The Kibar Chief Executive holds nothing back in a conversation about startups, nationalism, and what differs a stupid and a smart person
Recently Kejora HQ announced its support for the Ministry of Communications and Informatics’ 1,000 technopreneurs programme by hosting workshop series at their venue.
So when Kibar announced partnership with GSV Labs to set up accelerator programme for Indonesian startups in Silicon Valley, with the end goal to produce 1,000 startups by 2020, e27 reaches out to Yansen Kamto for details.
“You have to ask the others whether they are co-initiating with the Ministry of Communications and Informatics (Kominfo), or whether they are merely supporting it,” the Kibar Chief Executive says.
“But what we’re doing with the government is generally a backbone programme. Everyone is free to chip in and contribute their parts,” he further explains.
Kibar’s mission is to build up an end-to-end ecosystem for young Indonesian entrepreneurs by providing ignition programmes, workshops (such as Indonesia Android Kejar with Google), hackathons (such as Startup Weekend events in Jakarta, Jogjakarta, and Surabaya), and incubations in Jogjakarta (a joint venture with Gadjah Mada University) and Surabaya (co-initiated with Mayor of Surabaya Tri Rismaharini).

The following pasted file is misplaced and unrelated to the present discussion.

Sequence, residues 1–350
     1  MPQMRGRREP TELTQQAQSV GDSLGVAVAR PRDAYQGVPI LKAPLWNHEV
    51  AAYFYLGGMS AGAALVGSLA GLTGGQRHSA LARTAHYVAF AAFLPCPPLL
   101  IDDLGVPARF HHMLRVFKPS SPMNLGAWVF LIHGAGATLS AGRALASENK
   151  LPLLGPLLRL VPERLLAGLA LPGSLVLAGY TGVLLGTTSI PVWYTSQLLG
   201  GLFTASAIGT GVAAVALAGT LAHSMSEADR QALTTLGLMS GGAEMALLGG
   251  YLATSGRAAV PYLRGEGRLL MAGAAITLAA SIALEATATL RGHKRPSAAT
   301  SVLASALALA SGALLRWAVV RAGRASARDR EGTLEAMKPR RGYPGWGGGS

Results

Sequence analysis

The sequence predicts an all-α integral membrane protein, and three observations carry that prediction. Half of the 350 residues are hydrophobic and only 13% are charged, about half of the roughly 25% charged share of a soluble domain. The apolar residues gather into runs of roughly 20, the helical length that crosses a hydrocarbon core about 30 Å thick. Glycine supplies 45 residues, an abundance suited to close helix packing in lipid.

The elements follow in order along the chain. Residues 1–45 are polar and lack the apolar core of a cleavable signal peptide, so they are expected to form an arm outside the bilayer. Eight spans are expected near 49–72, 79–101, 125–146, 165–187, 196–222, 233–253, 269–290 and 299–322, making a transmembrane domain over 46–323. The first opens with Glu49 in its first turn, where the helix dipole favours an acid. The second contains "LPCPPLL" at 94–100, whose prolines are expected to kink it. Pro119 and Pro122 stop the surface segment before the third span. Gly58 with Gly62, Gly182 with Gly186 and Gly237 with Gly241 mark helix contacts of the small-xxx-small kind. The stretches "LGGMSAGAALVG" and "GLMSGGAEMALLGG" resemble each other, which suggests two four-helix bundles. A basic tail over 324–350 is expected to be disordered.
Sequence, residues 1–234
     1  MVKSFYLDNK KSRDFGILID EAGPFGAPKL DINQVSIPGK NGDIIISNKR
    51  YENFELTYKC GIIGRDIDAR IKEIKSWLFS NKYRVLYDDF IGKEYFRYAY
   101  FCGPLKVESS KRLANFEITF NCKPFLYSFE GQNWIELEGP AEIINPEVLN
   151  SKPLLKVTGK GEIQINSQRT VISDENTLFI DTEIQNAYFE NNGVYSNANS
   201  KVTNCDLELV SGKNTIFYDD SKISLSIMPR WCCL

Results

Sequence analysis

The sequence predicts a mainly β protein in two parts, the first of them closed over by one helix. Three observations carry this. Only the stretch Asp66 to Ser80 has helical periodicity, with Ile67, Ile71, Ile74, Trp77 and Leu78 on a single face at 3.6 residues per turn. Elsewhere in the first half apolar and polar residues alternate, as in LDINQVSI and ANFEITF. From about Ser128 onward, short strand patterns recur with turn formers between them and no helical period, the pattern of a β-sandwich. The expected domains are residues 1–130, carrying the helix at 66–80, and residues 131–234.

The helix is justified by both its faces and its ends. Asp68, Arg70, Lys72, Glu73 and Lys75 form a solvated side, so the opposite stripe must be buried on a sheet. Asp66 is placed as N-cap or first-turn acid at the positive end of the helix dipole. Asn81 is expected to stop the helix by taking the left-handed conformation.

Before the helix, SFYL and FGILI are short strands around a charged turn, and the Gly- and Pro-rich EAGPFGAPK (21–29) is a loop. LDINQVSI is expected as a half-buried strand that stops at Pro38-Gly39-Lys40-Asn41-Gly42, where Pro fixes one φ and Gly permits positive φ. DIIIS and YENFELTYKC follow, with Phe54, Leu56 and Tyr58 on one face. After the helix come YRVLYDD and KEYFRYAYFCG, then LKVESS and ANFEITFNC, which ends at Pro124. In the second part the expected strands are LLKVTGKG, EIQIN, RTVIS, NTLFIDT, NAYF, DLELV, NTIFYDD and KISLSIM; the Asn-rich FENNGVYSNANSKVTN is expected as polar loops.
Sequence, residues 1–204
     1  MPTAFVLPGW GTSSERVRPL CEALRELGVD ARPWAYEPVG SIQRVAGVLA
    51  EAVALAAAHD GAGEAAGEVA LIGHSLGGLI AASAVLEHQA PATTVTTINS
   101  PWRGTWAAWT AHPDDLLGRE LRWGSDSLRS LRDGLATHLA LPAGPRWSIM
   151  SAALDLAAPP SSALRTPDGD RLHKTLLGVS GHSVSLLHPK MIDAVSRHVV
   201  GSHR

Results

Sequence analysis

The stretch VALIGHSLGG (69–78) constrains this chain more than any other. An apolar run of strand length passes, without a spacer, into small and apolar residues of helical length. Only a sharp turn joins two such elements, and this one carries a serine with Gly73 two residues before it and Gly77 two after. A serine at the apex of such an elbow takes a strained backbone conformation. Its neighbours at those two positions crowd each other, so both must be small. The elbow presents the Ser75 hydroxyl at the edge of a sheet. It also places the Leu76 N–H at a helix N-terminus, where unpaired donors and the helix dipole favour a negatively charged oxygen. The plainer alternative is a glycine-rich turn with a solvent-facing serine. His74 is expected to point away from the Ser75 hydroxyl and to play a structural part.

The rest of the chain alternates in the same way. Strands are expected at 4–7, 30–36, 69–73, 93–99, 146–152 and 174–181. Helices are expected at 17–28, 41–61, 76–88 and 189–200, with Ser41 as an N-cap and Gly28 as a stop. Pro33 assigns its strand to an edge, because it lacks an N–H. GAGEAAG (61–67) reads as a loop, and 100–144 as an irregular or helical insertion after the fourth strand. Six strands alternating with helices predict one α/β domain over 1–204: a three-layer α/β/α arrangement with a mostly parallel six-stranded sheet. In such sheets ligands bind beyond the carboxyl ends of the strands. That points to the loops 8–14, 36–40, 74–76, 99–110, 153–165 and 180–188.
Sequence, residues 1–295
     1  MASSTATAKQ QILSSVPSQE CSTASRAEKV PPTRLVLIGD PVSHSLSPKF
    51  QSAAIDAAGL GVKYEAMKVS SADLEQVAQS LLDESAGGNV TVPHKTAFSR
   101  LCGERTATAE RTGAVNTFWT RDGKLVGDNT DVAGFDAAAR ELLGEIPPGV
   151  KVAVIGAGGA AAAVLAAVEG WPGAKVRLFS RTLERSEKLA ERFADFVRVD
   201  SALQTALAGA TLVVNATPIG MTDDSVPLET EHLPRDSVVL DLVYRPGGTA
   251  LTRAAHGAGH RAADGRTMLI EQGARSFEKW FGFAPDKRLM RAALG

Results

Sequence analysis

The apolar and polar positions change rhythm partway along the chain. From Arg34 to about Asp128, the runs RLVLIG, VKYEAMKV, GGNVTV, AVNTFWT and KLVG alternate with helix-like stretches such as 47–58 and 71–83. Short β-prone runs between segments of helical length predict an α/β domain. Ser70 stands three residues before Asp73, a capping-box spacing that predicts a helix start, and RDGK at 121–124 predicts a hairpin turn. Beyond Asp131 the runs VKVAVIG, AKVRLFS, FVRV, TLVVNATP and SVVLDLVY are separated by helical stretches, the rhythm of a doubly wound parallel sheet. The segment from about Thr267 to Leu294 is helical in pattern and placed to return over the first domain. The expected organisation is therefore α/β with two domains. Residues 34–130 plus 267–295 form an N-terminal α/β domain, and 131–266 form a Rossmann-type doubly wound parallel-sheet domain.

The only thing missing is the acceleration part, which will be filled by the partnership with GSV Labs.
“The duration will be three months: Startups are going to spend the first in Indonesia, the second in Silicon Valley then back again to Indonesia in the third month,” he explains.
“The ‘1,000 startups’ themselves are those who have taken part of the programme since ignition stage. No, you can’t just jump in into the incubation. It’s basically like a startup school where ignition is like the kindergarten, the hackathon is like primary … then the acceleration is just like the university,” he continues.